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“Vitamania” Book Review: A Canadian Nutritionist’s Perspective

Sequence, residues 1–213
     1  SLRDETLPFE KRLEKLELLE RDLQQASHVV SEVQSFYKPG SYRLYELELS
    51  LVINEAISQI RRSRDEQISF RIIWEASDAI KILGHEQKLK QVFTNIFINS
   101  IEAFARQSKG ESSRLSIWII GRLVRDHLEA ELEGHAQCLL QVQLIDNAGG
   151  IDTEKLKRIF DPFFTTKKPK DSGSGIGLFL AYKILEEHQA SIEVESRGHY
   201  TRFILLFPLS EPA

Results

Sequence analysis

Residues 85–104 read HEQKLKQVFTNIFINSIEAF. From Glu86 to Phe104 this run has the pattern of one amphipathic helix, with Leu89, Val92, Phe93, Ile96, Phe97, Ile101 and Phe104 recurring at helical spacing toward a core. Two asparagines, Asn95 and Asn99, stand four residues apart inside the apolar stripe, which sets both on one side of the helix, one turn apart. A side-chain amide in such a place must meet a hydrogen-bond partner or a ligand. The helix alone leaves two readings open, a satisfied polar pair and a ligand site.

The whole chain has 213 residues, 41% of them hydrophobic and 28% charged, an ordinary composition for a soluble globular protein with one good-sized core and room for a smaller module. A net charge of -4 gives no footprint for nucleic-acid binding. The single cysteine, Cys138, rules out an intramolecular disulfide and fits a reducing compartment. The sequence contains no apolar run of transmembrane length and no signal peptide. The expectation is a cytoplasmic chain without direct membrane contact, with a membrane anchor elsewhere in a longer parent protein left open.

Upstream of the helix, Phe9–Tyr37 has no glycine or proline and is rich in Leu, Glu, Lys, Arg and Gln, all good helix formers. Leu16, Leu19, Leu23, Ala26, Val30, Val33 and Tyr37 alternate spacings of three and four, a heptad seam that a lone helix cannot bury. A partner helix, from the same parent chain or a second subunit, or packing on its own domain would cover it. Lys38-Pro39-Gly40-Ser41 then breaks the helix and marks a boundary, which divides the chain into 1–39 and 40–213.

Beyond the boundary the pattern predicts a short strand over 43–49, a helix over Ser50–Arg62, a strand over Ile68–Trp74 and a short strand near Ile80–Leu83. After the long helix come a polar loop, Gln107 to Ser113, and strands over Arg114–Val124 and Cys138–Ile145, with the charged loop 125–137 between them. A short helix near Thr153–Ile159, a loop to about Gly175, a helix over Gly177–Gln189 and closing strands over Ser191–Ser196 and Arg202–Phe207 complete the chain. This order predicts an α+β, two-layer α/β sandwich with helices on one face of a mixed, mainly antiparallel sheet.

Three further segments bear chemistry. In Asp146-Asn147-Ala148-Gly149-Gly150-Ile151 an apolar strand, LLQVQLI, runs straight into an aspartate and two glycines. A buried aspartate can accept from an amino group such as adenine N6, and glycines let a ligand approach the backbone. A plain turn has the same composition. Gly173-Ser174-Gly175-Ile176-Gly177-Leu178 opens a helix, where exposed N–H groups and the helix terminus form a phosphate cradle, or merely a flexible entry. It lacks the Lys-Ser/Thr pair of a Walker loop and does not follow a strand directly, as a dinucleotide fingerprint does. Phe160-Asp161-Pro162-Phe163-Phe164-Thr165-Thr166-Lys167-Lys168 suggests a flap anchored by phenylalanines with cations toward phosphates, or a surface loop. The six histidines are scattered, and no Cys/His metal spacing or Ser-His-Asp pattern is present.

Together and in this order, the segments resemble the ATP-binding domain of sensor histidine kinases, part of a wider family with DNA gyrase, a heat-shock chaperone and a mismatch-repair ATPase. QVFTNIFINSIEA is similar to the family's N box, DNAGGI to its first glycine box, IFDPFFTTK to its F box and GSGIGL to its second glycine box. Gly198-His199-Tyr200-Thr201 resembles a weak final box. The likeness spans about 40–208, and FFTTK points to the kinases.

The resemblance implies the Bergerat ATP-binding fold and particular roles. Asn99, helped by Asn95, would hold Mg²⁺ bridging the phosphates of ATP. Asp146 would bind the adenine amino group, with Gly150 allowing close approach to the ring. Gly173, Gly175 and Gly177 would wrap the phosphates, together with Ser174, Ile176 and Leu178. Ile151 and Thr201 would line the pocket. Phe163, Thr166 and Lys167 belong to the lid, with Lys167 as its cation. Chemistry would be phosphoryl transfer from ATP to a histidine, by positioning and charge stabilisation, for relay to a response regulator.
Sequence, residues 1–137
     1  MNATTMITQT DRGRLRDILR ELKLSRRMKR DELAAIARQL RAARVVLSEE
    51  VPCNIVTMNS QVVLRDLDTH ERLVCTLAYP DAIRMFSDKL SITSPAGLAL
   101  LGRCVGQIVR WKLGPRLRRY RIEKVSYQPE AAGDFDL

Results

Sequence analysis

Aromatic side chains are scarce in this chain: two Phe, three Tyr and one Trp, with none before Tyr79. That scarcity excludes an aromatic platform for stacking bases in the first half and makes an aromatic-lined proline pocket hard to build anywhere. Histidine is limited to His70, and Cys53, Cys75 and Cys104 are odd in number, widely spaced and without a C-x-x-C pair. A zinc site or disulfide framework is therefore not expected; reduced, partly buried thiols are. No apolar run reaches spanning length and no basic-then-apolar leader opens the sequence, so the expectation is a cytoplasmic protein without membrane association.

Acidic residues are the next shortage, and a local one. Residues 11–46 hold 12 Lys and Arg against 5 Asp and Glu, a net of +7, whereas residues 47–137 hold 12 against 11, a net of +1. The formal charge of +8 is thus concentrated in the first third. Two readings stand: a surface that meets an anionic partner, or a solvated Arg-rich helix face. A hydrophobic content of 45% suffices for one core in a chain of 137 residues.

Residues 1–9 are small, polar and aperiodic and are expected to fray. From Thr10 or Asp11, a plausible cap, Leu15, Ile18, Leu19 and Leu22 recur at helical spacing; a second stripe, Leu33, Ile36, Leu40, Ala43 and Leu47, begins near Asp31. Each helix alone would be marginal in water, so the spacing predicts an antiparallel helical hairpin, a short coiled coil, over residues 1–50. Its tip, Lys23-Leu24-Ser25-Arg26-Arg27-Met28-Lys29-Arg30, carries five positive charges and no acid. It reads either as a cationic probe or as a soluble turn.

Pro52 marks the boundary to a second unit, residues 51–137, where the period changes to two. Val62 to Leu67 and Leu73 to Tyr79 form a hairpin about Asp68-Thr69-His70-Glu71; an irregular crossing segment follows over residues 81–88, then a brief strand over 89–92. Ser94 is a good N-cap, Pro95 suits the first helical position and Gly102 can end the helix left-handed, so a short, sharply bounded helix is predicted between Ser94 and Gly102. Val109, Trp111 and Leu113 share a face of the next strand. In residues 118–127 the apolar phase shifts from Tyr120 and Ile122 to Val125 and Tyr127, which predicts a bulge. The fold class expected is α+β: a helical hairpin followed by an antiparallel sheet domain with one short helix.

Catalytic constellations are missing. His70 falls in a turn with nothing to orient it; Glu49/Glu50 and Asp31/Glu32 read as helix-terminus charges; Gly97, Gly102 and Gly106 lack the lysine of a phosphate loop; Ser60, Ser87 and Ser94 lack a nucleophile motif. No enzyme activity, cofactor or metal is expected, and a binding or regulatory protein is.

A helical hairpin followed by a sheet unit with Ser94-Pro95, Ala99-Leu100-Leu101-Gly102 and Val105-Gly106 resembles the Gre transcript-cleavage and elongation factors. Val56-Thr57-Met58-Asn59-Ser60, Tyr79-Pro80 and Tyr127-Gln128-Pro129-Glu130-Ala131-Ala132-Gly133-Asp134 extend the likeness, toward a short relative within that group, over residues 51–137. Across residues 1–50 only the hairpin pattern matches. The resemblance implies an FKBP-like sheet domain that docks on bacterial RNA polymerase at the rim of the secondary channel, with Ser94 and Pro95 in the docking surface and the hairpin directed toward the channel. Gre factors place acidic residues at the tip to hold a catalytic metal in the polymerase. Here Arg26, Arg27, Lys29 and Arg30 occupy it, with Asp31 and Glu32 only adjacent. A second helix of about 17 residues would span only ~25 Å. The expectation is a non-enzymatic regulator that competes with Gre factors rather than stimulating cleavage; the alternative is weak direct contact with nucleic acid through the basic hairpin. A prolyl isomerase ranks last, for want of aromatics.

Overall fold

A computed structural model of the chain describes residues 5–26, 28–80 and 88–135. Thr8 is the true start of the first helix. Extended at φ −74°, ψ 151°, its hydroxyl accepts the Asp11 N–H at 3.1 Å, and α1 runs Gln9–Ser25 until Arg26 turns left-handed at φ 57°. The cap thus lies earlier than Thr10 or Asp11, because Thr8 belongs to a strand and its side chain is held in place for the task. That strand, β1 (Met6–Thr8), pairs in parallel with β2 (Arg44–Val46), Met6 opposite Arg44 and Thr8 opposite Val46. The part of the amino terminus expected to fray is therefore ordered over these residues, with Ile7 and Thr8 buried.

Do we have “Vitamania”, an obsessive quest for nutritional perfection???  Are we obsessed with nutritional shortcuts?   Vitamania takes us on a ride, starting a few hundred years ago right up to the present day situation of mass appeal and (lack of US) regulation of most supplements.  The word “supplement” has become almost interchangeable with the word “vitamin”, even though supplements can include not just vitamins, but minerals, enzymes, amino acids, antioxidants, and other non-pharmaceutical compounds. Several chapters start with historical accounts of serious and deadly vitamin deficiencies such as scurvy (vitamin C), beriberi (vitamin B1) & pellagra (vitamin B3), and how the quest to cure these diseases eventually led to the slow discovery of vitamins.  We have to remember that, before we knew about vitamins, people believed that diseases were caused from air rising from the ground, or laziness, or other causes that we now know are not true.  Eventually we discovered germs and the “germ theory”.  It took some time, and much trial and error to determine that there were critical factors in our food that, when deficient, caused these diseases.  And thus vitamins were discovered.  Slowly.  One.  At.  A.  Time. As a nutritionist, it is fascinating to understand a time where the entire concept of vitamins was foreign; yet we clearly got where we are now, by what we’ve learned along the way. Nutritional Status of Canadians   Holistic nutritionists primarily recommend eating more whole foods and fewer processed foods (good advice!).  Some of those canned, packaged, and ready-to-eat foods are enriched and fortified with essential nutrients.  Enrichment is replacing the micronutrients that were lost from the food during processing, (e.g. replacing niacin in whole grains products); and Fortification is adding in new micronutrients that were not there before (e.g. adding vitamin D to milk). I
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